An unconventional design process for a car different from any other on the market. We trace the path of the Pluriel project with Donato Coco, the Chief Designer responsible for Citroën’s Platform A.
In October 1998, Citroën presented its C3 Lumière research prototype, a preview of the C3 production model, in Paris. Actually they had two concept cars ready for the Mondial, though the second, the C3 Air roadster version, was never to emerge from the Citroën Centre de Création in Vélizy.
The C3 Lumière won plaudits from critics and public, but the designers are still disappointed that they were never allowed to show off their soft-top version.
Still, disappointments can sometimes turn into great opportunities. “We talked to our product people about where to go next”, reports Coco. “The results of a clinic test suggested that we had a very attractive concept on our hands, but we needed to develop a roof structure that would be both user-friendly and industrially feasible”.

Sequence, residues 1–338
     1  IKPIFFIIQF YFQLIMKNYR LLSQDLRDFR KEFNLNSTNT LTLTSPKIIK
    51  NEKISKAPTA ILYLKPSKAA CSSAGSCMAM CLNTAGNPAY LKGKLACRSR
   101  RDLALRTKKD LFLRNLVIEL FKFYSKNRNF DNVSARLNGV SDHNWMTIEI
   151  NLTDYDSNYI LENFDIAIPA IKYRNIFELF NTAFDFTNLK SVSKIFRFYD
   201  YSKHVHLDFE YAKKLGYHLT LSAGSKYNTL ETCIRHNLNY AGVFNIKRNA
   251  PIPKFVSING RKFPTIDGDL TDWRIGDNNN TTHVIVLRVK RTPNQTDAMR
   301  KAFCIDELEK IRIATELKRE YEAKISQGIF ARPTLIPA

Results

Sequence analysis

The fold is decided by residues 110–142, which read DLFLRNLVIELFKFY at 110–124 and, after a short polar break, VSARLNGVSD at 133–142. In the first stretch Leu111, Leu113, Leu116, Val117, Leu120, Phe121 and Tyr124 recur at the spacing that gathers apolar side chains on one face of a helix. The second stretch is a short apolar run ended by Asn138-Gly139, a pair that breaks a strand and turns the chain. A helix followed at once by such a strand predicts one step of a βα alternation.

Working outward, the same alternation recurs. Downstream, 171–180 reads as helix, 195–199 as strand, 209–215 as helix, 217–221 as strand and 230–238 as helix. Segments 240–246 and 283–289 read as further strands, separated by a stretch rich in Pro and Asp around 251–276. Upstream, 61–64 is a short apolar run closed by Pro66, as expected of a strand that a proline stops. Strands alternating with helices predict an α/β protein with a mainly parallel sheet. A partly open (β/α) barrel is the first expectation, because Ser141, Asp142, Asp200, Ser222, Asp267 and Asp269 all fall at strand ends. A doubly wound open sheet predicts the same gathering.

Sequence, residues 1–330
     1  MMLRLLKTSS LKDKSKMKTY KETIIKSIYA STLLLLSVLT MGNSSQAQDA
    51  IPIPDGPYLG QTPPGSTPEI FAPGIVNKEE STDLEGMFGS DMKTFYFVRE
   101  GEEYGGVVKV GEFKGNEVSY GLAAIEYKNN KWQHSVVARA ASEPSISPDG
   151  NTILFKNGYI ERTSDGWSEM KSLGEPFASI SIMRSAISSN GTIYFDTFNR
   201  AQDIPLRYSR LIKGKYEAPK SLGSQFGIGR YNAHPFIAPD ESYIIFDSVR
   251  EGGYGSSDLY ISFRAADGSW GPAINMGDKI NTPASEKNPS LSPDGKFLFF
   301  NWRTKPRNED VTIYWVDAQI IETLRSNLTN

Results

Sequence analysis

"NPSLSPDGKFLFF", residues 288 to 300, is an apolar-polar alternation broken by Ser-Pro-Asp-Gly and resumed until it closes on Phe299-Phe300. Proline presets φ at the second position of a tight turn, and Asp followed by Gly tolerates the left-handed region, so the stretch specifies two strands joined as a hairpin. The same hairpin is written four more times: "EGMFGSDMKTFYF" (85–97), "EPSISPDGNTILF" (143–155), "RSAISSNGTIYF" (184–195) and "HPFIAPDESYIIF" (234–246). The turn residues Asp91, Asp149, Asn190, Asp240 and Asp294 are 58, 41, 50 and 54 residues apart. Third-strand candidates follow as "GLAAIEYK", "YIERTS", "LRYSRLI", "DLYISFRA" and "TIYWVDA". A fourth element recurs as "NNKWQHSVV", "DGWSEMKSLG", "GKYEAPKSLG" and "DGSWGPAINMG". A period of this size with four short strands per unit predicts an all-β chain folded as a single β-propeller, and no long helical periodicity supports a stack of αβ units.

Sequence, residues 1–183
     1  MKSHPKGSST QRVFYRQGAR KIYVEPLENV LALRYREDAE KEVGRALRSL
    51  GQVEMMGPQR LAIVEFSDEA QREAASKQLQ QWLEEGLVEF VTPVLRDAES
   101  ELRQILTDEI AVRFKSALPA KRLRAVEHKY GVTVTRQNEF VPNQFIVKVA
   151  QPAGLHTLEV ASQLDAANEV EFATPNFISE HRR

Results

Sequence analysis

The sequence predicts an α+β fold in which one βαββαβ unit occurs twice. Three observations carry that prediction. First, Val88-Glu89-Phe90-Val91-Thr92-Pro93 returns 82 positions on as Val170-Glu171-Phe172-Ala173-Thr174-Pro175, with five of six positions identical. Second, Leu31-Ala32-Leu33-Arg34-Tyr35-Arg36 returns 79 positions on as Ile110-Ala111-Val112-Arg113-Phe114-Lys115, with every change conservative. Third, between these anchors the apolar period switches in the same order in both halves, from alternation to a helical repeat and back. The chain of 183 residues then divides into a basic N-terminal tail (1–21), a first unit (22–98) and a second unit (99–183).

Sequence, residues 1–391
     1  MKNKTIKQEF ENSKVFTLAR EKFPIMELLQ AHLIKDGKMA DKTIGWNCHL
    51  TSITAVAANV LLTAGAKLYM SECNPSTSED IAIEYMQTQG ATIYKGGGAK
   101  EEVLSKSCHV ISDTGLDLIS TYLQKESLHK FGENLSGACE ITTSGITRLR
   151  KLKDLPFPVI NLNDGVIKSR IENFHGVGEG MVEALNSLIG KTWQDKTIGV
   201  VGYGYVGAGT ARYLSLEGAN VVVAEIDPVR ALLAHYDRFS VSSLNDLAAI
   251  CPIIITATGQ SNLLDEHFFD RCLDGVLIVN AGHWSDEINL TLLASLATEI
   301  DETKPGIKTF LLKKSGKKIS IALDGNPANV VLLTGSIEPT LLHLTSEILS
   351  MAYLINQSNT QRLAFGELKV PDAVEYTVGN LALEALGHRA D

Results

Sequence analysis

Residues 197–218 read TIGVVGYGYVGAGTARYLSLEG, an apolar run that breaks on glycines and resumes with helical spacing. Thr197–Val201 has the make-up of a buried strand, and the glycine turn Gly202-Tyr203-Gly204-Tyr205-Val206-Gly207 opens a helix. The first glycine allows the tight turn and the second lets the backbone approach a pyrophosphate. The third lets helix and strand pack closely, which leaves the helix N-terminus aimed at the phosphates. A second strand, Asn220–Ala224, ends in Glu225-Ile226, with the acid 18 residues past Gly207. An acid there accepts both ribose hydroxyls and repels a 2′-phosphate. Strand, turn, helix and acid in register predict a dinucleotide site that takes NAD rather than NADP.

So, the Coco team got down to work on the technical development required and came up with the Pluriel “demonstrator”, an asymmetrical styling model that the management decided to present at the Frankfurt Show in September 1999.
It proved to be a triumph and from then on it was “all systems go”. The team spent the last quarter of 1999 creating a new styling model adapted to the A floorpan, on which the C3 saloon was being developed simultaneously. Next, in early 2000, the design was handed over to Italdesign for engineering, an operation supervised by Coco in person. And 18 months later, the definitive Pluriel was ready to make its debut at the 2002 Paris Show.
The article continues in Auto & Design no. 141